• A lot split cannot require the demolition or alteration of a housing unit currently serving moderate-, low- or very low-income households or rent-controlled units.
  • A lot split cannot result in the demolition or alteration of housing that has been occupied by a tenant in the last three years or where an owner has used the Ellis Act to remove a rental from the market within the last 15 years.
  • For lot splits, local agencies must require owner-occupancy of one of the housing units for a minimum of three years.
  • Local agencies must require that any rental units created as a result of SB 9 must be for a term of 30 days or more (i.e., no vacation rentals).

The bill also ensures that lots created as a result of SB 9 cannot be further split and the same person cannot perform a lot split on adjacent lots.

Local Control Implications

As with many state housing laws, there is a tension with jurisdictions wishing to maintain local control. SB 9 allows local jurisdictions to impose objective zoning, subdivision and design review standards and require a setback of up to four feet. However, local jurisdictions may not impose standards that would preclude the construction of up to two units, or physically preclude either of the two units from being at least 800 square feet in floor area. Local jurisdictions may require up to one off-street parking space in certain scenarios. Finally, local agencies maintain the authority to prohibit ADUs on parcels that have been split and developed with two-unit development under SB 9.

Potential Impacts

An analysis of SB 9 conducted by the Terner Center at University of California, Berkeley found that the bill “could enable the creation of over 700,000 new homes that would otherwise not be market feasible” on 410,000 single-family parcels. The analysis found that only 110,000 of these parcels would be “newly feasible,” meaning that SB 9 would change the development feasibility of a relatively small number of parcels. The analysis also found that SB 9 is unlikely to lead to significant demolition of existing single-family homes and that duplexes would be the most dominant form of financially feasible development (i.e., it is unlikely that three- and four-units will come to dominate single-family-zoned neighborhoods). The impact of SB 9 and the development feasibility also varies widely by region. For example, while Santa Barbara County has 75,399 eligible lots under SB 9, this bill is only estimated to result in 10,000 new feasible units. Based on the Terner Center analysis, in the case of Santa Barbara, this discrepancy would be due largely to the challenge of recouping the investments with market-rate rentals or sales.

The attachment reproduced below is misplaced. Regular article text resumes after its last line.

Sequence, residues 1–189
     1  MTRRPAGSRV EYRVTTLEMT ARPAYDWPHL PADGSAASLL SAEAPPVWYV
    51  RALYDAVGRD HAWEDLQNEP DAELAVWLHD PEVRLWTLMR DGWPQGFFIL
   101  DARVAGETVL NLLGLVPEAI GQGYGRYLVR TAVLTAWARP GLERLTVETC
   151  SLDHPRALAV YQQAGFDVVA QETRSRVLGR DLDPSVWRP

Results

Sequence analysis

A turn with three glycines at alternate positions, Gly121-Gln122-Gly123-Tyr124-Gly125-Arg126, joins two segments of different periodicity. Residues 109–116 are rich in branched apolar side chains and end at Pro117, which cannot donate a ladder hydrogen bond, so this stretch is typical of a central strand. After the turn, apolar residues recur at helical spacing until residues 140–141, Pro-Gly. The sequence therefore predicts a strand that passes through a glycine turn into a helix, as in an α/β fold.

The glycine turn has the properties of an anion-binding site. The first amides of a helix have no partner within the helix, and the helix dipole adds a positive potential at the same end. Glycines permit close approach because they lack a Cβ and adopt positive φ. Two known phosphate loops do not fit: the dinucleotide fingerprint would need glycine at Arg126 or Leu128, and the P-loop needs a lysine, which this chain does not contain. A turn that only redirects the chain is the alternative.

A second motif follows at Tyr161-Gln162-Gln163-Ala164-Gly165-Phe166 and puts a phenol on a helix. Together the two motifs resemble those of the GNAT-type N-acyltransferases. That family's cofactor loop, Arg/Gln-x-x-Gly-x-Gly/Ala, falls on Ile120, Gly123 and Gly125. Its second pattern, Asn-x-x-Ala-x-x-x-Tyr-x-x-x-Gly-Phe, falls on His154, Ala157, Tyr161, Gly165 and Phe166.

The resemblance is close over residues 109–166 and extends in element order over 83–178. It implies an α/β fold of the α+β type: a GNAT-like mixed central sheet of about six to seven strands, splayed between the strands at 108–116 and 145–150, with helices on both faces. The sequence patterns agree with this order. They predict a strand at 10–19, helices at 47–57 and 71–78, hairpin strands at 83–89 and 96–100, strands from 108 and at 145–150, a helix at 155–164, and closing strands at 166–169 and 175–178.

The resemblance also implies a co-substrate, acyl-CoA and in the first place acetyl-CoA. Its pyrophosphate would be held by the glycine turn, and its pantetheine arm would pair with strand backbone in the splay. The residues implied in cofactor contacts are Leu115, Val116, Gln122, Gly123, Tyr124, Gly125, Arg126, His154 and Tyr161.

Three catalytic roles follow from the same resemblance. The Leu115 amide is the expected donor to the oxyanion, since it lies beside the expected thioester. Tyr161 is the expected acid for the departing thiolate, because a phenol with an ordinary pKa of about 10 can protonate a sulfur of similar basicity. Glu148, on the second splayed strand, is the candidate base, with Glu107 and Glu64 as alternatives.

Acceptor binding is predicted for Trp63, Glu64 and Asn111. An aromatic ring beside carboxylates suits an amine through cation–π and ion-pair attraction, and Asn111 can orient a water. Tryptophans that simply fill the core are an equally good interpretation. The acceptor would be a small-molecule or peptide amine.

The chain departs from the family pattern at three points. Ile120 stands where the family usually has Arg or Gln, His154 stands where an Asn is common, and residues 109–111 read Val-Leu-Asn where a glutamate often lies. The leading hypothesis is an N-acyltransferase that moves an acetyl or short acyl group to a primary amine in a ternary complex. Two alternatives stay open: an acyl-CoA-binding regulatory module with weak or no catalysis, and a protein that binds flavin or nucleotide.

Senate Bill 10


SB 10, also signed by the governor on Sept. 16, allows but does not require jurisdictions to develop and adopt an ordinance that increases the density of parcels in transit-rich areas or on urban infill sites to up to 10 residential units per parcel. Such an ordinance would be exempt from CEQA and must be adopted between Jan. 1, 2021, and Jan. 1, 2029.


SB 10 requires that any ordinance adopted under its authority:

  • clearly identify the areas that are subject to the ordinance,
  • be consistent with the jurisdiction’s obligation to further fair housing,
  • be adopted by a two-thirds vote if the ordinance supersedes any zoning restrictions established through a local initiative, and
  • not reduce the currently zoned density of any parcel subject to the ordinance.


While the rezoning of parcels under SB 10 is not subject to CEQA, any projects that result from the ordinance may still be subject to CEQA unless the local ordinance provides for ministerial processing or the project is exempted by another law or local ordinance. This may limit the impact of SB 10 and its ability to streamline the permitting of projects. Moreover, if an applicant seeks to build more than 10 units on a parcel after an SB 10 rezoning, the bill prohibits the project from qualifying for any other CEQA exemption, ministerial or by-right process. Finally, parcels in very high fire severity zones or on open space/recreational lands approved by the voters are not eligible for increased density under SB 10.